I wonder what would happen if you put up a sign for your church that said, “A fellowship of reproof”? I’m not suggesting you do that. There is the other problem of a cantankerous preacher who does nothing but reprove. His whole ministry is focused on polemics, every sermon pointing out what is wrong with people or what’s wrong with this group or that group. There are some preachers and all they ever do in their preaching is reprove. We must never be like that. We must, indeed, encourage with the gospel, we must be gospel preachers, preachers of good news for sinners in Jesus Christ
However there are others and all they ever do is encourage. They preach as though the most dreadful thing that could ever happen is to make anyone here feel bad about themselves. There’s never this element of reproof. But it’s sometimes good and necessary to feel bad about yourself. It’s the bad news about ourselves that makes the good news about Jesus Christ, good news.
Thirdly, Scripture is profitable for correction. Not only showing people when they’re on the wrong path, it’s also able to correct and to put people on the right path. I played baseball in college. I was a pitcher. I wasn’t very good but I played. Later when I was in seminary someone hired me to help their teenage son with his pitching; to be a pitching instructor for him for little while. Well imagine if we came together and I said, “Okay show me how you pitch.” He throws a few pitches and I say, “Well you don’t have your foot on the rubber properly. You’re wind up is wrong, you’re arm slot is wrong, you’re release is wrong. That’ll be 50 dollars.” No, his parents didn’t hire me just to show him what he’s doing wrong, but also to teach him how to do it right. So it is with Scripture, it’s profitable not only for teaching and for reproof but for correction. It warns us of the wrong path but also shows us the right path. And then….
Fourthly, Scripture is profitable for instruction in righteousness or training in righteousness. The word here is often translated discipline. It refers to discipline or instruction used to train a person in that which is right. In the school of faith Scripture is the God given textbook and God’s people grow to be competent, mature, stable, Christ-honoring, serving, fruitful godly Christians by means of hours, days and years of faithful training in righteousness from the scriptures .
So this is what Scripture is for; teaching, reproof, correction, training in righteousness. Everything we need for each of these purposes is provided by the scriptures. There’s the saving wisdom Scripture gives, the divine origin of Scripture, the wide-ranging purposes it serves. And then Paul mentions, fourthly….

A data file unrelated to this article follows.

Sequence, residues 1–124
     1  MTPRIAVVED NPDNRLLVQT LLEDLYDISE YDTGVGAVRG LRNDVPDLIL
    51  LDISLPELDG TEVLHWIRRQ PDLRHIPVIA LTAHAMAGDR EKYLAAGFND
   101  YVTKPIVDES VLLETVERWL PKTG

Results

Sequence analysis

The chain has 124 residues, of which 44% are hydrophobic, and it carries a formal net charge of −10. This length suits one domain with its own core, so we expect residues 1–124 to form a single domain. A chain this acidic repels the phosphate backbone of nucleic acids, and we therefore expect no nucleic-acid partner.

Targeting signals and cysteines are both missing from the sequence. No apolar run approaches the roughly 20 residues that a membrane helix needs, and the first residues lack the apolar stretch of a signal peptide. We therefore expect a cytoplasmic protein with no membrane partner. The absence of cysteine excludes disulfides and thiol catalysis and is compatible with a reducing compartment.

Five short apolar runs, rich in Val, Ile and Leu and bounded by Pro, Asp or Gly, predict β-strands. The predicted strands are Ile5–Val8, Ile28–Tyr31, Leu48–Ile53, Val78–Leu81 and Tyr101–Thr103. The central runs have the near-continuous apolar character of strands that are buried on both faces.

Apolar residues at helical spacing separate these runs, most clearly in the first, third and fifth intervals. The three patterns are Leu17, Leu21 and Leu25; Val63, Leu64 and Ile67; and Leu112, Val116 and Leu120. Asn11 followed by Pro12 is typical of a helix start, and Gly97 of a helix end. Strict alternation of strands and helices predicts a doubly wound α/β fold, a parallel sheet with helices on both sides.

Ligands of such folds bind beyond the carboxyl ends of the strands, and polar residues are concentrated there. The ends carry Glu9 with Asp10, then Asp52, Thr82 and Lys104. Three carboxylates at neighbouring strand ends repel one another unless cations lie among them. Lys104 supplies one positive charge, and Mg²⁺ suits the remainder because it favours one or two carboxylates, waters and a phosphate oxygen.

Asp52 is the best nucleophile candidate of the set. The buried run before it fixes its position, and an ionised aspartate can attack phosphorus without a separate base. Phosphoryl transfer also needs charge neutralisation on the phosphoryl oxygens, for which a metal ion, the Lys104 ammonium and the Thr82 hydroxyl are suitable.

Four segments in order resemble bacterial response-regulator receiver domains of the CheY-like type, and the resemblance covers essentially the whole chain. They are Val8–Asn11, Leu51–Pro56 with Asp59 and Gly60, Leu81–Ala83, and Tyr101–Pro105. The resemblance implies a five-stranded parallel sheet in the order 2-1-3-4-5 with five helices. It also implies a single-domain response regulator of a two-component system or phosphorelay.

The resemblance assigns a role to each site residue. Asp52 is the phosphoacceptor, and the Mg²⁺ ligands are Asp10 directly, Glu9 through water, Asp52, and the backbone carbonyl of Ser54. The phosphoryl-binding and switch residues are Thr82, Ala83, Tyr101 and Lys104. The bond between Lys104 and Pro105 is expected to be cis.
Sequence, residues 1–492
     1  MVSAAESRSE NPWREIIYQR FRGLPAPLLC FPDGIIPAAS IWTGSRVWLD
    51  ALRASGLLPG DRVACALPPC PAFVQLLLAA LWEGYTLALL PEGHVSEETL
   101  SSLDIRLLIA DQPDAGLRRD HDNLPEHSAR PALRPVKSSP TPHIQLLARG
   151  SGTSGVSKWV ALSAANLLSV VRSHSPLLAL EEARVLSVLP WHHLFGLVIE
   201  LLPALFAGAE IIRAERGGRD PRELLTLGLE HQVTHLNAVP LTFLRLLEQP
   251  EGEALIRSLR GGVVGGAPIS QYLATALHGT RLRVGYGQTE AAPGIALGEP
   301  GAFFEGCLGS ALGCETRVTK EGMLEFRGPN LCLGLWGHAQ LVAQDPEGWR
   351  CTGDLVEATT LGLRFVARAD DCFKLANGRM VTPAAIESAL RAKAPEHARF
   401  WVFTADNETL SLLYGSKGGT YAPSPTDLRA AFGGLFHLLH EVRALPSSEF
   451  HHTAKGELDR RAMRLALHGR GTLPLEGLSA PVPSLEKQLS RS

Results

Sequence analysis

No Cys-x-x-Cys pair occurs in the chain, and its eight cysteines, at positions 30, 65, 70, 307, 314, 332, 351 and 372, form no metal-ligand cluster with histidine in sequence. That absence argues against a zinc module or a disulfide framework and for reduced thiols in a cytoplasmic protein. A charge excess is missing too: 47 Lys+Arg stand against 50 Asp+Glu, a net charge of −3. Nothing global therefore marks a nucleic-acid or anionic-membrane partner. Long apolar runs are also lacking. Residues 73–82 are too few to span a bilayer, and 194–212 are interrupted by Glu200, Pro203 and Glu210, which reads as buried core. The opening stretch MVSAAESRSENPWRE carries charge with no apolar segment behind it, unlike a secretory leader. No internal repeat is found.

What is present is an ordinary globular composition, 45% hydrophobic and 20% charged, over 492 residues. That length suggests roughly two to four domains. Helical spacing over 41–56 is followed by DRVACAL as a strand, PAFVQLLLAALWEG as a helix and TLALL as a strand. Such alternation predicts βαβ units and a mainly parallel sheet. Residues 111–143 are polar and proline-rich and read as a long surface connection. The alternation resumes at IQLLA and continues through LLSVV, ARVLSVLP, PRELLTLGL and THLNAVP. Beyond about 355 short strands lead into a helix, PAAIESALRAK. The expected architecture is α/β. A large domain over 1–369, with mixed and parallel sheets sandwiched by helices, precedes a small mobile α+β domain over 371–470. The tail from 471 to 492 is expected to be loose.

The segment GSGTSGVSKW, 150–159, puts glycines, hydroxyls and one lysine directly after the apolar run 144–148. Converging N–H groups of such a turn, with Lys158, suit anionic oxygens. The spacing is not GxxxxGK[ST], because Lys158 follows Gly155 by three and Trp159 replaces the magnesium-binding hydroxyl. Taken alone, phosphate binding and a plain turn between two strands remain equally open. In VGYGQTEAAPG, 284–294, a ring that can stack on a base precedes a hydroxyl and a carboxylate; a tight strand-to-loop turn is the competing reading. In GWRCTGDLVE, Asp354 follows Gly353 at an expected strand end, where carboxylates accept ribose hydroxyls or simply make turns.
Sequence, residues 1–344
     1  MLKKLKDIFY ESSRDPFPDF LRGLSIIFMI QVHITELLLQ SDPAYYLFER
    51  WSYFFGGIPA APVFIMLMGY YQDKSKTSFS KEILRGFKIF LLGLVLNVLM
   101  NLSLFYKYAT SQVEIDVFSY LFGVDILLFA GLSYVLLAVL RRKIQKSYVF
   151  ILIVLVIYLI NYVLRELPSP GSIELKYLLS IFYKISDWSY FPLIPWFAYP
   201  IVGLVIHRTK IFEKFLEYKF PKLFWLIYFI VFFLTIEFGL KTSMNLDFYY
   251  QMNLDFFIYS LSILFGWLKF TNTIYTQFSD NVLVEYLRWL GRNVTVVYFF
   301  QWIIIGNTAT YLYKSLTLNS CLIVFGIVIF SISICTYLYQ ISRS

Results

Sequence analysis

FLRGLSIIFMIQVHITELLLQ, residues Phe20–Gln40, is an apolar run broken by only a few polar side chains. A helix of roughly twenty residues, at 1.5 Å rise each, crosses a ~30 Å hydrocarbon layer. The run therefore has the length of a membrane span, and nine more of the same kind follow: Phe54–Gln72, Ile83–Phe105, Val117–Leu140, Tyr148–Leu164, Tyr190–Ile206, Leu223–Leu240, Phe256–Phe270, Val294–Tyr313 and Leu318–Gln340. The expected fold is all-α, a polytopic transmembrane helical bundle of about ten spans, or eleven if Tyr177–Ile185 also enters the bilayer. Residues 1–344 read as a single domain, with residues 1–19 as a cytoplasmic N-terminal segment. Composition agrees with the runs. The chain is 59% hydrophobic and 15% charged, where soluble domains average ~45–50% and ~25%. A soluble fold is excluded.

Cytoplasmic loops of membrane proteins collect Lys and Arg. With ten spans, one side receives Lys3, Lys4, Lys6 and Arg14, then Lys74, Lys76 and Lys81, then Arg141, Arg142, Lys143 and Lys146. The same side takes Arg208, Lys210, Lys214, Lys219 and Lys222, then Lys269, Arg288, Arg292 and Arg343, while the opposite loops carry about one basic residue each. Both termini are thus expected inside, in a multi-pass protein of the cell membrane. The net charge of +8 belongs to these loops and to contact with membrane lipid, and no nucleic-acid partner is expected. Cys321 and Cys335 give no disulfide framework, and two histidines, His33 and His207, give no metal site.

The Complete Equipping Scripture Provides
Notice again what he says in vv.16-17, “All Scripture is given by inspiration of God, and is profitable for doctrine, for reproof, for correction, for instruction in righteousness, that the man of God may be complete, thoroughly equipped for every good work.” The Scriptures are sufficient to render the man of God complete. The idea is completely fitted, capable, proficient, able to meet all the demands of the ministry that are placed upon him. Scripture is able to render the man of God “complete, thoroughly equipped.” Thoroughly equipped for what? “For every good work.” Think about that, think about the tremendous implications of that statement. Absolutely nothing is lacking. You can’t state the sufficiency of Scripture more powerfully than that. The Scriptures are absolutely sufficient, enough to make us complete and to thoroughly equip us. And this sufficiency is for “every good work.”
Someone says, “But that’s talking about the man of God, the minister of the gospel.” Yes, but if the scriptures are sufficient to render the man of God complete and to thoroughly equip him to every good work, how much more the ordinary Christian! If they’re sufficient for all the multifaceted duties and responsibilities of the man of God in his ministry to the sheep for their salvation, faith and life, they’re certainly sufficient to give the ordinary Christian everything he needs for salvation, faith and life.
So here in this passage we’re confronted again with the sufficiency of Scripture; for salvation, v.15, but not only for salvation, as we saw in the last post, but also for the Christian life and the Christian ministry. In the next post I hope to draw some of the practical implications of the sufficiency of Scripture for the Christian life and Christian ministry.